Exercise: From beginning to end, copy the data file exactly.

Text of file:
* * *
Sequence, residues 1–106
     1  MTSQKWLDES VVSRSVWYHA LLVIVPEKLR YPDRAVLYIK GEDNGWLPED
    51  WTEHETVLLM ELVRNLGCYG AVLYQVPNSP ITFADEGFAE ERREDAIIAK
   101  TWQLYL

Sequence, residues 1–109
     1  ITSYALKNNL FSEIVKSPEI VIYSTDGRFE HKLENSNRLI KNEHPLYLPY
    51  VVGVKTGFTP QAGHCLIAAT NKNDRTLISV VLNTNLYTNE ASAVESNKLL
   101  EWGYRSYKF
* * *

Sequence, residues 1–106
     1  MTSQKWLDES VVSRSVWYHA LLVIVPEKLR YPDRAVLYIK GEDNGWLPED
    51  WTEHETVLLM ELVRNLGCYG AVLYQVPNSP ITFADEGFAE ERREDAIIAK
   101  TWQLYL

Sequence, residues 1–109
     1  ITSYALKNNL FSEIVKSPEI VIYSTDGRFE HKLENSNRLI KNEHPLYLPY
    51  VVGVKTGFTP QAGHCLIAAT NKNDRTLISV VLNTNLYTNE ASAVESNKLL
   101  EWGYRSYKF